flesh/meat?

kinagm21

Member
España: español
Hi!
Another irrelevant question!How do you say when you are seeing an operation? You are seeing flesh or meat? I think we must use meat just for meal... For example: "I can`t stand seeing neither blood nor flesh"...

Thank you!
 
  • volky

    Senior Member
    Spanish/English
    hi!
    another irrelevant question! how do you say when you are seeing an operation? you are seeing flesh or meat? i think we must use meat just for meal... For example "I can`t stand seeing neither blood nor flesh"...

    thank u!

    The word surgery is more used than operation. Ex. Open heart surgery. More than meat, one refers to the open wound and the flesh, as you mentioned.


    p.s. Pay more attention to the grammar.
     

    tanager

    Senior Member
    US/English
    No, no, you are definitely not seeing meat! (Well, you are, but for something a bit larger with lots of teeth...)

    A small correction: "I can't stand seeing blood or flesh."

    Also, "blood and flesh" is a little formal. Is that your intention? The common phrase is "blood and guts," as in a movie with lots of violence.
     

    kinagm21

    Member
    España: español
    Thank you! yes you are right! I should have done it better!
    Regarding to "operation" or "surgery" I just partly agree with you...I`m not sure, of course, but for example I think is more suitable to say "a throat operation" than "a throat sugery" isn`t it?
    Anyway, thank you very much!
     

    madmorty

    Member
    England - English
    Thank u! yes u r right!I should have done it better!
    Regarding to "operation" or "surgery" I just partly agree with u...I`m not sure, of course, but for example I think is more suitable to say "a throat operation" than a "throat sugery" innit?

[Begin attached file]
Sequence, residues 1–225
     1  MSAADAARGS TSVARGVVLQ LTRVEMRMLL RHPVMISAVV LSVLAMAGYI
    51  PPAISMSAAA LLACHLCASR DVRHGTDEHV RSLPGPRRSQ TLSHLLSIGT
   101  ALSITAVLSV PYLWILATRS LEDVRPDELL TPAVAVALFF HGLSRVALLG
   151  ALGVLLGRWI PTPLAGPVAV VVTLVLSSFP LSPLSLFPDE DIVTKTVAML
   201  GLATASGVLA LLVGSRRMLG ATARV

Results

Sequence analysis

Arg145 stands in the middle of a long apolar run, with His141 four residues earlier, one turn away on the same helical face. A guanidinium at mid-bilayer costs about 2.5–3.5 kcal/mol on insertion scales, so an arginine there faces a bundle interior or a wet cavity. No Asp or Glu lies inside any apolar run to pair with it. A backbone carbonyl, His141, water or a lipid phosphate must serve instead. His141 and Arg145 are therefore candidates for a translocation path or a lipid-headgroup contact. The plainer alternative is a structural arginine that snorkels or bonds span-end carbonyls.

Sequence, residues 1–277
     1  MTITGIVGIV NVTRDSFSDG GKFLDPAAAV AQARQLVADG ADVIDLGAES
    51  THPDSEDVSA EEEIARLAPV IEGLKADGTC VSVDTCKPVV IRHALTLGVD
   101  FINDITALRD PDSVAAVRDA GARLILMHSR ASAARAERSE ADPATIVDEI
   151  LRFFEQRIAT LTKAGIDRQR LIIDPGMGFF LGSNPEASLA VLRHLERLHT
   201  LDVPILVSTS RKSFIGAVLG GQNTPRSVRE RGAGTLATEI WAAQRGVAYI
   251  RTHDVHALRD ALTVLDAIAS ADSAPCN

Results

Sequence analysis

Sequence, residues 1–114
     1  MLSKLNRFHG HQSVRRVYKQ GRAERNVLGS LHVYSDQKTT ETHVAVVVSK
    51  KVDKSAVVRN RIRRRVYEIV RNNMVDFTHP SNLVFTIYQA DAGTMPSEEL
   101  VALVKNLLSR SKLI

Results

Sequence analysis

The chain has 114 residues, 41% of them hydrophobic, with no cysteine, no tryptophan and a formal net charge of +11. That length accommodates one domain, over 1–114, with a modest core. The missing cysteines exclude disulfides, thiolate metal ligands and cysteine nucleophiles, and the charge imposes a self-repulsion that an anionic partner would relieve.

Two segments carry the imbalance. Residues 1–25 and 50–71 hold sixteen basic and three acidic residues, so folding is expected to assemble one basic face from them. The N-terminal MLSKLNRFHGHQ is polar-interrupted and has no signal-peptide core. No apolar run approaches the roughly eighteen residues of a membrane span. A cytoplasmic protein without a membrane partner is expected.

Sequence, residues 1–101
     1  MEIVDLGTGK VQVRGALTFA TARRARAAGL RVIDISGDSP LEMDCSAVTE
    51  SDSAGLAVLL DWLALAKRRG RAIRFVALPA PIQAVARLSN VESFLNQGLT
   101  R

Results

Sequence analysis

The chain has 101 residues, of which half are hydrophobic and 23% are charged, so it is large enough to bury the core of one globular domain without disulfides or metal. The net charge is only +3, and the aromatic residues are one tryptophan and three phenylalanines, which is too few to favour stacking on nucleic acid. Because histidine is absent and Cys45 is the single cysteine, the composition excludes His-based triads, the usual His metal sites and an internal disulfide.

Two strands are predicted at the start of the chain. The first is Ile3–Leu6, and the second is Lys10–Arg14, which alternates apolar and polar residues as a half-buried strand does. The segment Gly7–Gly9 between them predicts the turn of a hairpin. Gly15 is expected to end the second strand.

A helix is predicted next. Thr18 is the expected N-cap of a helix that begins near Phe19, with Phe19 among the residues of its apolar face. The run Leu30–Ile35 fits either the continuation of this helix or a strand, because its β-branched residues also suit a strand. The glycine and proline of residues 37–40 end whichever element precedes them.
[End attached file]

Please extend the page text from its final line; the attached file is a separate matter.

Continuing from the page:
Anyway..thank u very much!

    I agree with you here, I think the correction to 'surgery' was a little pedantic to be honest. You would say 'see an operation' and not 'see surgery'.
     

    madmorty

    Member
    England - English
    Thank u! yes u r right!I should have done it better!
    Regarding to "operation" or "surgery" I just partly agree with u...I`m not sure, of course, but for example I think is more suitable to say "a throat operation" than a "throat sugery" innit?
    Anyway..thank u very much!

    Although, of course, 'throat surgery' is just as valid as 'a throat operation'. Just make sure you drop the indefinite article when you use 'surgery'.
     

    volky

    Senior Member
    Spanish/English
    A juzgar por los resultados de Google, throat surgery se usa más, pero operation es perfectamente usado también.

    Resultados 1 - 10 de aproximadamente 1,590,000 de throat surgery
    Resultados 1 - 10 de aproximadamente 1,310,000 de throat operation.

    :)
     

    kinagm21

    Member
    España: español
    Ok, thank you very much!
    I really appreciate your comments!
    I will not forget to drop the article! thank you!!
    I like the set phrase "blood and gut".
    Thanks
     

    kinagm21

    Member
    España: español
    A juzgar por los resultados de Google, throat surgery se usa más, pero operation es perfectamente usado también.

    Resultados 1 - 10 de aproximadamente 1,590,000 de throat surgery
    Resultados 1 - 10 de aproximadamente 1,310,000 de throat operation.

    :)
    whoa! that is a really well done and exhaustive search!
    Since u seem to be bilingual, could you have a look at another threat called "silly laugh", please? I know is really unlikely that this expression exists in English...
    thank u!
     

    volky

    Senior Member
    Spanish/English
    Se supone que para esta nueva pregunta usted cree un nuevo hilo. De todas formas le respondo que silly laugh es una risa tonta y en la búsqueda de google obtuvo aproximadamente 2,000,000 resultados.